EMISSIONS: The carbon dioxide emissions from natural gas are expected to top the emissions from coal this year for the first time in more than 40 years, according to the U.S. Energy Information Administration. (Greentech Media)

BIOMASS: The biomass industry is floundering nationwide because of low power prices, while politicians and scientists spar over emissions from burning wood. (Climate Central)

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• Solar power incentives can burn a hole in a state’s budget, but a well-designed plan can bring benefits. (Utility Dive)
• California-based SolarCity Corp is cutting operating costs, including reducing its chief executive’s salary from $275,000 to $1, in an effort to bring expenses in line with its reduced solar installation outlook. (Reuters)
• A South Carolina Republican state senator says conservatives should take a more proactive approach to solar power in the state. (Southeast Energy News)

UTILITIES: Corporations like Apple and Google becoming energy suppliers is part of a “much broader trend” that will pose significant challenges for regulated utilities. (Greentech Media)

• Exxon Mobil Corp. curbed operations at the fourth-largest refinery in the U.S., as record flooding threatens Louisiana’s oil infrastructure. (Bloomberg)
• The ousted CEO of Minnesota-based Northern Oil and Gas is suing for wrongful termination, saying the company reneged on an agreement to let him exit with a full severance package. (Star Tribune)
• A state committee is asking lawmakers in Maine to overhaul a 2015 law that prohibits releasing information about the rail transportation of crude oil and other hazardous materials to the public. (Pine Tree Watchdog)
• New York’s attorney general faced hesitation from his own allies after launching an investigation into whether Exxon Mobil suppressed climate change information, according to emails. (Morning Consult)

• Bankrupt coal company Peabody Energy wins court approval for a $1.14 billion plan to cover potential environmental liabilities in three states, plus bonuses for its six top executives. (Reuters)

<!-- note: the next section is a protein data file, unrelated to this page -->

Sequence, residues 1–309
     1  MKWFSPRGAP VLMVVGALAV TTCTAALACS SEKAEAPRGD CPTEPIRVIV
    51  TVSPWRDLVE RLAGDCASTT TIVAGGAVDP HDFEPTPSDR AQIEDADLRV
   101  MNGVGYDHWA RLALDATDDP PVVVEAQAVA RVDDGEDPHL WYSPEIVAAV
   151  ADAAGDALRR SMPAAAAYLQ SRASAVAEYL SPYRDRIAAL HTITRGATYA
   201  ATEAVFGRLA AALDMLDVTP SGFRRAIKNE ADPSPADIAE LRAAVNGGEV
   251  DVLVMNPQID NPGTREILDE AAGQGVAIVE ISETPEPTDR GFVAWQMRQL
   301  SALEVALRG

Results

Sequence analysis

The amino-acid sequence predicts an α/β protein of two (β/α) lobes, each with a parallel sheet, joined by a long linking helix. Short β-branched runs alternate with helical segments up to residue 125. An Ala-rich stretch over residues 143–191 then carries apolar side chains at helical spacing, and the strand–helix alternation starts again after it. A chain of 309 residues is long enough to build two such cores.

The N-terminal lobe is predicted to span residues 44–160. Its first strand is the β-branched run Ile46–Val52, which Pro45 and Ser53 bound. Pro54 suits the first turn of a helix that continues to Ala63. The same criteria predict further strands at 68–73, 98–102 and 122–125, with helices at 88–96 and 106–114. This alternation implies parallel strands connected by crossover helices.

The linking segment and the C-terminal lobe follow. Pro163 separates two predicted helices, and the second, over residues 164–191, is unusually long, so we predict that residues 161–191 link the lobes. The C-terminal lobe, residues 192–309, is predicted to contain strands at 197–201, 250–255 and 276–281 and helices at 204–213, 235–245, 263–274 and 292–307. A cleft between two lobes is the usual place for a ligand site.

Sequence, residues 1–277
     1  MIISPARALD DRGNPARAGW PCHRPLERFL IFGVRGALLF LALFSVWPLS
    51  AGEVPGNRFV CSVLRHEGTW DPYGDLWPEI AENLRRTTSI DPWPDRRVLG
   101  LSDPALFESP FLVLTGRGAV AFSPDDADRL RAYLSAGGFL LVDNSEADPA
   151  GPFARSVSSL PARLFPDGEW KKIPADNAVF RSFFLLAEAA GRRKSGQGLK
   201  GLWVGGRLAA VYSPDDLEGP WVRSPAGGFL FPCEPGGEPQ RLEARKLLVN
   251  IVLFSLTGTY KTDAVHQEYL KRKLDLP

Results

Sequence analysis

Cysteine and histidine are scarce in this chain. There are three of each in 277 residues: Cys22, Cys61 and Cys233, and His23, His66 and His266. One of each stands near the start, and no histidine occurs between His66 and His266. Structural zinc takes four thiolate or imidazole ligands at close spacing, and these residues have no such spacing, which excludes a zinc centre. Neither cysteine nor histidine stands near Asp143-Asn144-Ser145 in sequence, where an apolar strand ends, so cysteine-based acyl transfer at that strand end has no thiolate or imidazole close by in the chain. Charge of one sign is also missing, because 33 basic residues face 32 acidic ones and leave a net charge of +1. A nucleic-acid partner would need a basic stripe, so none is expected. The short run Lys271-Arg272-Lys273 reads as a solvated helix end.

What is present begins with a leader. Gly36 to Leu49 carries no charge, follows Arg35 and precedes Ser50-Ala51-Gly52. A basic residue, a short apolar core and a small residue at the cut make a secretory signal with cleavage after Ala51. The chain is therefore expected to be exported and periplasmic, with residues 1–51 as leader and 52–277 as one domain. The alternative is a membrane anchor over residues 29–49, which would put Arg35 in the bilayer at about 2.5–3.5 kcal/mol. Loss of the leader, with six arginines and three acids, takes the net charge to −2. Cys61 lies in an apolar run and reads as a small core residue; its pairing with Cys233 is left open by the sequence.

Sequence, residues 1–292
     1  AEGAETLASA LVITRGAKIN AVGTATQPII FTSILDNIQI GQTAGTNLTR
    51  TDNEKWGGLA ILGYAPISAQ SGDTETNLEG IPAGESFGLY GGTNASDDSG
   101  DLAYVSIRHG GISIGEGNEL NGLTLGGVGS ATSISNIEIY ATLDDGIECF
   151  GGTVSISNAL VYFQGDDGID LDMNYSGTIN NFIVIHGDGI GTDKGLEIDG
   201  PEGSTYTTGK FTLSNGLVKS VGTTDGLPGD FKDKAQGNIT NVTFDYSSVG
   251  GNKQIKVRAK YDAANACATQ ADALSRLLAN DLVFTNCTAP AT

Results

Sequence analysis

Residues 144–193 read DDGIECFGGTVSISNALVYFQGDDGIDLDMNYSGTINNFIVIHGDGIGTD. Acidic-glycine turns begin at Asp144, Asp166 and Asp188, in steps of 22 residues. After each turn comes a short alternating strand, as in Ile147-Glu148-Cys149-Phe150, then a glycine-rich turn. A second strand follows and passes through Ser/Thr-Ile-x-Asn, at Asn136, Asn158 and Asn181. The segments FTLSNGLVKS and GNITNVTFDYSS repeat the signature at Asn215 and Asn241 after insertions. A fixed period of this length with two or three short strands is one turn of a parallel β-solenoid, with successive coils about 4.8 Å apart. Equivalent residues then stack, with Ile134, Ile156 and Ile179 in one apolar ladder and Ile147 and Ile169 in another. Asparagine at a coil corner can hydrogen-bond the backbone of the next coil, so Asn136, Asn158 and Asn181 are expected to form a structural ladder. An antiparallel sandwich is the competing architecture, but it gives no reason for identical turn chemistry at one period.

• To offset lost mining jobs, Appalachia is setting aside political feuds in order to create an entrepreneurial economy based on new industries. (New York Times)

• Two major coal lobbies see their membership decline and corporate supporters bow out, according to a new report. (Huffington Post)
• In an effort to retain jobs, two Ohio lawmakers are supporting a plan by Akron-based FirstEnergy that critics say is an unlawful “bailout.” (Midwest Energy News)

CAP-AND-TRADE: California’s senate proposes spending $1.2 billion of the money generated from the state’s cap-and-trade program on cleaner cars, energy efficient upgrades and urban parks. (Los Angeles Times)

PIPELINES: A Massachusetts court ruled against a state requirement that electricity customers must help subsidize construction of private gas pipelines, which could affect a similar case in Maine. (State House News Service/Portland Press Herald)

NUCLEAR: Regulators are investigating why a nuclear fuel factory in South Carolina ended up with three times the safe amount of uranium stuck inside a scrubber, and why it took the company over a month to notify regulators. (Pittsburgh Post-Gazette)

TRANSPORTATION: California lawmakers unveil a $7.4-billion transportation plan that would increase the state’s gasoline tax by 17 cents per gallon. (Los Angeles Times)

WIND: Negotiations have restarted to find a potential buyer for a wind project on an Alaskan island. (Alaska Dispatch News)

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HYDRO: Federal regulators issue a new 30-year license to Charlotte-based Duke Energy for a hydroelectric project in South Carolina. (Charlotte Business Journal)

COMMENTARY: A 2012 deal that divided up $4.7 billion in closing costs for a California nuclear plant seems much less reasonable now, in light of troubling information about secret meetings. (Los Angeles Times)

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